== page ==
Connect your device to Azure IoT

The very first step to enable is to connect your device to the cloud.

  • This is a 10 minutes operation to be done only once.
  • It establishes a permanent connection from your device to the cloud end-point.
  • This connection is secure (encrypted over TLS), and the two peers are identified by x509 certificates.
  • Sending data to the cloud will then be as simple as sending data locally.

The focus is here on connecting the device to Azure IoT. See this tutorial, if you want to connect Cumulocity IoT instead.

Before you try to connect your device to Azure IoT, you need:

You can now use tedge command to:

Create the certificate

The tedge cert create command creates a self-signed certificate which can be used for testing purpose.

A single argument is required: an identifier for the device. This identifier will be used to uniquely identify your devices among others in your cloud tenant. This identifier will be also used as the Common Name (CN) of the certificate. Indeed, this certificate aims to authenticate that this device is the device with that identity.

$ sudo tedge cert create --device-id my-device

Show certificate details

You can then check the content of that certificate.

$ sudo tedge cert show
Device certificate: /etc/tedge/device-certs/tedge-certificate.pem
Subject: CN=my-device, O=Thin Edge, OU=Test Device
Issuer: CN=my-device, O=Thin Edge, OU=Test Device
Valid from: Tue, 09 Mar 2021 14:10:30 +0000
Valid up to: Thu, 10 Mar 2022 14:10:30 +0000
Thumbprint: 860218AD0A996004449521E2713C28F67B5EA580

You may notice that the issuer of this certificate is the device itself. This is a self-signed certificate. The Thumbprint is the Sha1sum of the certificate. This is required for registering the device using the self-signed certificate on Azure IoT Hub. To use a certificate signed by your Certificate Authority, see the reference guide of tedge cert.

Register the device on Azure IoT Hub

For a device to be trusted by Azure, one needs to add the self-signed certificate thumbprint to the Azure IoT Hub Portal. In the Azure IoT Hub Portal, navigate to "Explores"->"IoT Devices" click on "+ New", this will open a new blade "Create a device".

Here provide the configuration parameters that are required to create the device as described below.

  • Device ID: Should be the same as the Subject of the certificate.
  • Authentication type: Select X.509 Self-Signed option.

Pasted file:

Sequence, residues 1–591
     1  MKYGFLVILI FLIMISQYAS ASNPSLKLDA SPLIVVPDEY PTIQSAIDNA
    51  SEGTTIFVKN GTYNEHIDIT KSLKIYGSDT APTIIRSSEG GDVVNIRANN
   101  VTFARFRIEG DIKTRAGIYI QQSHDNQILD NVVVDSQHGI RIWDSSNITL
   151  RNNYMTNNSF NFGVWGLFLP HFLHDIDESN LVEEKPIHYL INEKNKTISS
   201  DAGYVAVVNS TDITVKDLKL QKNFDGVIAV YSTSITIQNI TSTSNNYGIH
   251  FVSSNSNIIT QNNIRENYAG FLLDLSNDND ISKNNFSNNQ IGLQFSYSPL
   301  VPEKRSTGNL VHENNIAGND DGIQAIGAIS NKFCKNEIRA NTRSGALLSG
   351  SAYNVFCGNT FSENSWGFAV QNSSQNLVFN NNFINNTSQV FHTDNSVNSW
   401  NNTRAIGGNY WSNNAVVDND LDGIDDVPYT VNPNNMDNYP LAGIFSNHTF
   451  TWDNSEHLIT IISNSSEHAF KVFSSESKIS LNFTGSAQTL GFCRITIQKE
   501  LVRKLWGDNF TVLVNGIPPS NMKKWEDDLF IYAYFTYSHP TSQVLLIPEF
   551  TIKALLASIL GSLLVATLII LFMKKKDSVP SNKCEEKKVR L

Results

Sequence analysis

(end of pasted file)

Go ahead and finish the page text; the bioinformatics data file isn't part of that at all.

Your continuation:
• Provide the Primary Thumbprint that was displayed in tedge cert show.
    • Use the same for the Secondary Thumbprint as well (Since we are using a single certificate).
  • Set "Connect this device to an IoT Hub" to Enable.
  • Then save the configuration. Upon successfully saved the configuration a new device has been created on the IoT Hub. The new device can be seen on the IoT Hub portal by navigating to "Explores"->"IoT Devices".

More info about registering a device can be found here

Configure the device

To connect the device to the Azure IoT Hub, one needs to set the URL/Hostname of the IoT Hub and the root certificate of the IoT Hub as below.

Set the URL/Hostname of your Azure IoT Hub.

sudo tedge config set az.url

The URL/Hostname can be found in the Azure web portal, clicking on the overview section of your IoT Hub.

Set the path to the root certificate if necessary. The default is /etc/ssl/certs.

sudo tedge config set az.root.cert.path /etc/ssl/certs/Baltimore_CyberTrust_Root.pem

This will set the root certificate path of the Azure IoT Hub. In most of the Linux flavors, the certificate will be present in /etc/ssl/certs. If not found download it from here.

Connect the device

Now, you are ready to get your device connected to Azure IoT Hub with tedge connect az. This command configures the MQTT broker:

  • to establish a permanent and secure connection to the Azure cloud,
  • to forward local messages to the cloud and vice versa.

Also, if you have installed tedge_mapper, this command starts and enables the tedge-mapper-az systemd service. At last, it sends packets to Azure IoT Hub to check the connection.

$ sudo tedge connect az
Checking if systemd is available.

Checking if configuration for requested bridge already exists.

Validating the bridge certificates.

Saving configuration for requested bridge.

Restarting mosquitto service.

Awaiting mosquitto to start. This may take up to 5 seconds.

Enabling mosquitto service on reboots.

Successfully created bridge connection!

Sending packets to check connection. This may take up to 2 seconds.

Connection check is successful.

Checking if tedge-mapper is installed.

Starting tedge-mapper-az service.

Persisting tedge-mapper-az on reboot.

tedge-mapper-az service successfully started and enabled!

Sending your first telemetry data

Sending data to Azure is done using MQTT over topics prefixed with az. Any messages sent on the topic will be forwarded to Azure. Here, we use tedge mqtt pub az/messages/events/ a message to be understood as a temperature of 20 Degree.

$ tedge mqtt pub az/messages/events/ '{"temperature": 20}'

To view the messages that were sent from the device to the cloud, follow this document.

More info about sending telemetry to Azure can be found here

Next Steps

You can now: